The trial court rendered judgment the dispositive portion of which reads as follows:
WHEREFORE, premises considered, the Court hereby finds both accused guilty of the crime of Usurpation of Real Rights in Property, defined and penalized under Art. 312 of the Revised Penal Code, beyond reasonable doubt and hereby sentences both of them jointly and severally, to pay a fine in the amount of One Hundred Seventy Four Thousand and Nine Hundred Sixty (P174,960.00) Pesos which amount is equivalent to the gain which said accused have obtained in a period of almost three (3) years from the time they forcibly took possession of this land belonging to Francisco Delmonte computed at the rate of P14,580.00 per quarter proceeds from the produce of the land as alleged in the Information.
The accused are further sentenced not to enter or intrude upon this property rightfully adjudged to belong to Francisco Delmonte, private complainant herein and they are ordered under pain of imprisonment for Contempt of Court, to Cease and Desist forever from disturbing or molesting the peaceful and quiet possession and ownership of the herein private offended party over the property subject of litigation. The Chief of Police of the PNP, Lapinig, Northern Samar, is hereby ordered to assist the private offended party in his possession of the herein property and see to it that he is not disturbed or molested in such state, and in implementing this directive, the Chief of Police may, in his discretion, use reasonable force necessary to carry out this decision. Let a copy of this decision be furnished the Chief of Police of Lapinig, N. Samar.
No pronouncement as to costs.
Upon a notice of death filed only on 25 September 1997, it was learned that accused Cases died on 9 April 1995.
Petitioner appealed her conviction to the CA. The appellate court, however, affirmed the decision of the trial court. Petitioner filed a motion for reconsideration thereof but the CA denied the same.
Before this Court, petitioner assails the decision of the CA raising the following issues:
WHETHER OR NOT THE ACCUSED-PETITIONER WHO IS A WOMAN OF AN ADVANCE AGE COULD BE HELD LIABLE OF THE CRIME OF USURPATION OF REAL PROPERTY ON THE BASIS OF THE BARE ALLEGATION OF CONSPIRACY AND WHICH CONCLUSION WAS BASED ON SPECULATIONS, SURMISES AND CONJECTURES;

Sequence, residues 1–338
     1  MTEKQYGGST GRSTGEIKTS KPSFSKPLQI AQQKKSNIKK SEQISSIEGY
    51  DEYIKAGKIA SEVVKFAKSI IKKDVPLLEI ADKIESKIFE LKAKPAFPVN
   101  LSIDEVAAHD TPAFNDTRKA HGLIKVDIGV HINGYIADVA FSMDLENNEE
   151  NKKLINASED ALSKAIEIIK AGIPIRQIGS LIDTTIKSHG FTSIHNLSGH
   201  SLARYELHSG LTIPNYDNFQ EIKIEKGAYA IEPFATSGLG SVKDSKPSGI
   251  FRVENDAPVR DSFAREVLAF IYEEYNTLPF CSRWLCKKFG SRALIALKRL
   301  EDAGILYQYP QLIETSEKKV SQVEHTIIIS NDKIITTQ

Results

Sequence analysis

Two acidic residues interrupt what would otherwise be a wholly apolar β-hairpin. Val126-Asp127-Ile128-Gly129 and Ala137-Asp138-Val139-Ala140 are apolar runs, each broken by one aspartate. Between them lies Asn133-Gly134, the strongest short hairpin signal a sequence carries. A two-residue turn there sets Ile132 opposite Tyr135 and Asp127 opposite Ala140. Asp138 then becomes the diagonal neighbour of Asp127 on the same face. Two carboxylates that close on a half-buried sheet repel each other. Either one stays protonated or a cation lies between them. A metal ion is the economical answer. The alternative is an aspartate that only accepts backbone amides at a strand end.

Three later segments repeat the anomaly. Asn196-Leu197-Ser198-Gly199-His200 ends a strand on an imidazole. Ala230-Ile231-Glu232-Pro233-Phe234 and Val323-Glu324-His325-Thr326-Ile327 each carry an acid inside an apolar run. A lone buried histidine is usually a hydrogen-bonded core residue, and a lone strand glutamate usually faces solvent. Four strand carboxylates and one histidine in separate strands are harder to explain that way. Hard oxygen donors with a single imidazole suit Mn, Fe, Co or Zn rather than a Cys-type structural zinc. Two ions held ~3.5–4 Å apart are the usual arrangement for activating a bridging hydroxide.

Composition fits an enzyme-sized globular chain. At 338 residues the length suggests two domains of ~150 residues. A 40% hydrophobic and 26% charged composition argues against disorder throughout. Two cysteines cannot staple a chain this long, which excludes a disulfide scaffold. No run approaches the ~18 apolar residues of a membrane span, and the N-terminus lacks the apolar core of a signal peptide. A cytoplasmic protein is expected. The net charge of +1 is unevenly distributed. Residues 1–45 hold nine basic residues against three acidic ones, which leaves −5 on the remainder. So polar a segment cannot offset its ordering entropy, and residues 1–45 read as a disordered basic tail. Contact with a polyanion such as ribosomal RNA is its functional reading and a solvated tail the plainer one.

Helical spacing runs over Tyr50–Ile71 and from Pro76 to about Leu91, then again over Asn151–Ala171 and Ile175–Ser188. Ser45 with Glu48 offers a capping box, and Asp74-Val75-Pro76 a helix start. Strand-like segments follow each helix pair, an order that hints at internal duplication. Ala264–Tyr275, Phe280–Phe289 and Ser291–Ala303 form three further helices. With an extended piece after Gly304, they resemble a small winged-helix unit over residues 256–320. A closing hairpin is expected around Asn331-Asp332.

WHETHER OR NOT THE ALLEGED FORCE AND INTIMIDATION WHICH TOOK PLACE SUBSEQUENT TO THE ALLEGED ENTRY INTO THE PROPERTY WILL SUFFICE TO CONVICT THE ACCUSED-PETITIONER OF THE CRIME OF USURPATION OF REAL PROPERTY;
WHETHER OR NOT THE ACCUSED-PETITIONER WHO CLAIMS TO BE OWNER OF THE LAND IN QUESTION COULD BE HELD LIABLE OF USURPATION OF HER OWN PROPERTY.4
The petition is bereft of merit.
Contrary to petitioner's allegation, the decision rendered by the trial court convicting her of the crime of usurpation of real property was not based on "speculations, surmises and conjectures" but clearly on the evidence on record and in accordance with the applicable law. Article 312 of Revised Penal Code defines and penalizes the crime of usurpation of real property as follows:
Art. 312. Occupation of real property or usurpation of real rights in property. - Any person who, by means of violence against or intimidation of persons, shall take possession of any real property or shall usurp any real rights in property belonging to another, in addition to the penalty incurred for the acts of violence executed by him shall be punished by a fine from P50 to P100 per centum of the gain which he shall have obtained, but not less than P75 pesos.
If the value of the gain cannot be ascertained, a fine from P200 to P500 pesos shall be imposed.
The requisites of usurpation are that the accused took possession of another's real property or usurped real rights in another's property; that the possession or usurpation was committed with violence or intimidation and that the accused had animo lucrandi. In order to sustain a conviction for "usurpacion de derecho reales," the proof must show that the real property occupied or usurped belongs, not to the occupant or usurper, but to some third person, and that the possession of the usurper was obtained by means of intimidation or violence done to the person ousted of possession of the property.51avvphi1
More explicitly, in Castrodes vs. Cubelo,6 the Court stated that the elements of the offense are (1) occupation of another's real property or usurpation of a real right belonging to another person; (2) violence or intimidation should be employed in possessing the real property or in usurping the real right, and (3) the accused should be animated by the intent to gain.7